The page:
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Resting a Steak...

Discussion in 'Food Forum' started by PDogSniper, Oct 30, 2005.

  1. PDogSniper

    PDogSniper

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    Is it necessicary to rest a steak, like a T-bone or others....? Sometimes I think that right off of the grill and on to the plate, it don't make a difference then again I see some steaks come off of the grill and while the juices seem to be flowing there seems to be a dry taste/feeling to the steak....

    What's up...?
     
  2. jawjaboy

    jawjaboy Casual lead ho

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    Well PDog, the way I see it...as soon as I bring my, and mrs.jawja's steak into the house, I eat about half of mine immediately, standing at the bar. Then about 30 minutes later, I set down to the meal! Can't tell much difference in the steak..........no sauce.
     

  3. noway

    noway

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    same here.

    if it's a good steak I have been known to eat it right off the grill and battle the flames while doing it ;)

    No resting for me.
     
  4. PDogSniper

    PDogSniper

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    Yea, me too. I just was cooking some steaks on the grill last night and after a few ;c's I got to thinking about this. I know, far fetched...
     
  5. dubltap

    dubltap

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    Don't let your meatloaf.;f
     
  6. PMY

    PMY

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    For best results, YES!

    Resting a steak after grilling (Or ideally, before grilling, after grilling, then baking and resting some more), will make your steak juicier and tastier. At the very least, you want to rest it about 5-8 minutes after grilling. You can't cut the steak before you rest it, otherwise all the juices that would have redistributed will just run out onto your plate.

    Eating half then waiting half an hour and eating the rest will just get you a half a cold steak.
     
  7. lwt210

    lwt210

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    We rest ours for five minutes or so. We do the same with pork loin, chops, all that stuff.

    I use the big tongs at the grill to keep from stabbing the meat. Got those at Williams Sonoma on clearance last year.

    We can tell a difference if we let them rest. They are slightly juicier when given some "down time" after the 450 degree fire.
     
  8. Sundog

    Sundog Thread Killer

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    Alton Brown did an episode of Good Eats on steaks, and recommended resting the steaks 3 - 5 minutes, IIRC. I've never rested steaks any longer than it took to get them on the plate and the blessing said, but he says it makes them juicier. I think I've heard that they continue cooking for about that long after you remove them from the grill.
     
  9. FlaChef

    FlaChef Steyroid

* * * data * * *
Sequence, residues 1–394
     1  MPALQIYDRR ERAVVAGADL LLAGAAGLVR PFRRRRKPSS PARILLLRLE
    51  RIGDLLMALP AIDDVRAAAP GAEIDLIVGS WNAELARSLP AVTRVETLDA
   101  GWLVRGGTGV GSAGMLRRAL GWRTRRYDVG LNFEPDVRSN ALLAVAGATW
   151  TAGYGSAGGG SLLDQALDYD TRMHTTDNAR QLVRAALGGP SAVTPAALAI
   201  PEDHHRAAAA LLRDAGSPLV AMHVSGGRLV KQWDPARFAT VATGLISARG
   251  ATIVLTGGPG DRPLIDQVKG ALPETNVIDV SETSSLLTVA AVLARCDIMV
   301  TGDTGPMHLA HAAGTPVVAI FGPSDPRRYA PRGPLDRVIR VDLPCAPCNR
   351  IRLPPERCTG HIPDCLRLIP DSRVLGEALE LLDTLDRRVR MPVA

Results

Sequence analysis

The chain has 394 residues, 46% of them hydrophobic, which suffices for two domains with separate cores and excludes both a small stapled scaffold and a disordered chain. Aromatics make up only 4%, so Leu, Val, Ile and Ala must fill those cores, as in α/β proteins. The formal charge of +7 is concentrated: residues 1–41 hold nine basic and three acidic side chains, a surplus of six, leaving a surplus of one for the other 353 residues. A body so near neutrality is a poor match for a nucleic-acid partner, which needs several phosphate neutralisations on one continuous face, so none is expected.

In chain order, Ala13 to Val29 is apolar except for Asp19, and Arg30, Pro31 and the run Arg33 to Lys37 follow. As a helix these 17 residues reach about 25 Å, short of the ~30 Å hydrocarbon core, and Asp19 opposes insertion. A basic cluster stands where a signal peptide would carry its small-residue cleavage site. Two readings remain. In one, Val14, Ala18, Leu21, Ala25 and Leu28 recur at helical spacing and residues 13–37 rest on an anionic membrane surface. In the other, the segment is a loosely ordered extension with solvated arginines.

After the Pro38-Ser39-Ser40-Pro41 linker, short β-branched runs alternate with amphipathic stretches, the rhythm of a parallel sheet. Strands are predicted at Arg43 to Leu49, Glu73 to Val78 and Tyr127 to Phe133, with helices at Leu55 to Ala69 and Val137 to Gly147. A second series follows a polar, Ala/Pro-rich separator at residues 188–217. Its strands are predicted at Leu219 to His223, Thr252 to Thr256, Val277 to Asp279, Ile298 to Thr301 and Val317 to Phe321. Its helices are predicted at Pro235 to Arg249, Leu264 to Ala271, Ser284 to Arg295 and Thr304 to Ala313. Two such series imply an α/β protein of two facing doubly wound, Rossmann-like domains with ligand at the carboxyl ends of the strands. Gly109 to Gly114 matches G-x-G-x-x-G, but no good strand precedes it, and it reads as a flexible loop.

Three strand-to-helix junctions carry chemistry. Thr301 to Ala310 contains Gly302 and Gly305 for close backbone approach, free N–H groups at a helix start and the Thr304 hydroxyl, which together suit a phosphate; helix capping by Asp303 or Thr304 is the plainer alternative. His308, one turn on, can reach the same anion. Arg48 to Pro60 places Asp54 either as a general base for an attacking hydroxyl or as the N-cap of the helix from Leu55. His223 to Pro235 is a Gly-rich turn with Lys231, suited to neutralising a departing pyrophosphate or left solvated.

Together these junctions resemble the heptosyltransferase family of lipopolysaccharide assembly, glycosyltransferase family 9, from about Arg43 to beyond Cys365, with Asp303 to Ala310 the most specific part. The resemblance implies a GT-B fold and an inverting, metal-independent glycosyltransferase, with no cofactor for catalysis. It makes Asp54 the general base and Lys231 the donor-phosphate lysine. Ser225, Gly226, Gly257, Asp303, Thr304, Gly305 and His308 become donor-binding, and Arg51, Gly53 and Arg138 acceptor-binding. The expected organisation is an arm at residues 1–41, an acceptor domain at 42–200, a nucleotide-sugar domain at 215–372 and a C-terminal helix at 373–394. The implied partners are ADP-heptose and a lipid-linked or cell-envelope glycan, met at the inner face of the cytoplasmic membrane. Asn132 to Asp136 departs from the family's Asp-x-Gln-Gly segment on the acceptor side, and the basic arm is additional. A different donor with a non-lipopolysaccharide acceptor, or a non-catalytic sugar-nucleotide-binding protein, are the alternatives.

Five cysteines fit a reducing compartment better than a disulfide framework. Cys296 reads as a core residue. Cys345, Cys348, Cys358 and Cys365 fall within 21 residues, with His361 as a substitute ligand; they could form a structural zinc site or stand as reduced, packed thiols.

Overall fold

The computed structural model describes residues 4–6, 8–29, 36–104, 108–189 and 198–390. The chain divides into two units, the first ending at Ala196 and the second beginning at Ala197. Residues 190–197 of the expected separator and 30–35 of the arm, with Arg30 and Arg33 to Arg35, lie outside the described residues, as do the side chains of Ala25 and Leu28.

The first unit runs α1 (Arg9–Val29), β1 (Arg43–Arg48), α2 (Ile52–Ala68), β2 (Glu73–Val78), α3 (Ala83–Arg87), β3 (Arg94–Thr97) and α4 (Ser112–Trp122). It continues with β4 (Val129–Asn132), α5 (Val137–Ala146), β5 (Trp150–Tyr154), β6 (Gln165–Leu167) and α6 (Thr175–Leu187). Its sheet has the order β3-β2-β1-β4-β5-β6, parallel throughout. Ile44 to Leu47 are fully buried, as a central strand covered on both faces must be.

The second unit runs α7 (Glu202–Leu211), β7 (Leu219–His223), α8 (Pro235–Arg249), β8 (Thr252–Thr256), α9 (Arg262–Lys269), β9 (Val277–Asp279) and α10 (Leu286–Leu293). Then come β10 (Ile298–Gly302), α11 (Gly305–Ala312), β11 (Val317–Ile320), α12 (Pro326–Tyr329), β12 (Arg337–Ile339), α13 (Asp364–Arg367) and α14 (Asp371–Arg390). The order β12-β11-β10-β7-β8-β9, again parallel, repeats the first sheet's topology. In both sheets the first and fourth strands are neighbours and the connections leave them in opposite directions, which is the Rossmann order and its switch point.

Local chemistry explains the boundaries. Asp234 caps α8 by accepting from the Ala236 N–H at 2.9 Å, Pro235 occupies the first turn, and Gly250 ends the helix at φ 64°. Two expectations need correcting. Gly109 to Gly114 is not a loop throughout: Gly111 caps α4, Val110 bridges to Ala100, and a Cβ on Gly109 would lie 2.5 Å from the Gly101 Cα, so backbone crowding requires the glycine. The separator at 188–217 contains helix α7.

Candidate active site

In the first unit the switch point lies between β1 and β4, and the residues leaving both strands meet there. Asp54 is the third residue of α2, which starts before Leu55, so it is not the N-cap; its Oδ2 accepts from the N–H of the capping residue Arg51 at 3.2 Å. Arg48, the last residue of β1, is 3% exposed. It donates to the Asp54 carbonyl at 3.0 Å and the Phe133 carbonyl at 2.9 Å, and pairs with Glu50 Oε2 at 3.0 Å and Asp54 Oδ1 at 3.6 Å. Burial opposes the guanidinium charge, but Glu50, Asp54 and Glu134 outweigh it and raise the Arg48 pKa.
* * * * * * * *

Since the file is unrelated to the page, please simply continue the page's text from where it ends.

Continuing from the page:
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    The concept of resting meats is to let the juices settle.
    Remember a hot liquid is in an agitated state, as soon as you pierce it the juices will flow out. This includes sticking a thermometer in it or turninng it with a fork.

    Any good restaurant will rest meats a couple of minutes before sending it out.

    Next time you grill steaks cut one immediately and let one rest. The one you cut immediately will leak all its juice onto your plate, the rested one will appear to not be as juicy, but this is because it is not leaking its juice on your plate but keeping it in the tissue.
     
  10. PDogSniper

    PDogSniper

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    Gee, I guess it wasn't that far fetched a question after all. With all the responses here and just the other day I heard it mentioned on the Food Channel.

    I've heard of it with roasts, but not with steaks... That's why I asked.
     
  11. Remander

    Remander

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    Resting meat is all about letting the melted fat (a/k/a "juices") inside the meat cool and get thicker so that it will not just run out as thin grease when you slice into the meat.

    The food TV folks and cookbook authors don't like to say to "let the fat congeale" (sounds gross), so they use the euphamism of "let the juices settle."

    It takes just a few minutes to accomplish a rest. Resting is more important for cuts with more inner fat (e.g., ribeye) than low-fat cuts (e.g., pork loin), but it helps makes all more moist.
     
  12. stooxie

    stooxie NRA Life Member

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    Resting isn't so much to allow the jiuces and fat to cool but to allow the meat fibers to relax and, thus, not squeeze all
    the juices out.

    The steak should still be served hot, which is why you should loosely tent the meat with foil while it is resting (although
    you can skip this if you don't care).

    To be honest, I think this whole process is maybe a 10%-15%
    difference. If you have a beautifully marbled piece of meat it's not going to turn to shoe leather because it wasn't rested. Conversely you can rest a lousy cut all day and it
    won't improve! ;)

    It's one of those "it might help why not?" type of things.

    -Stooxie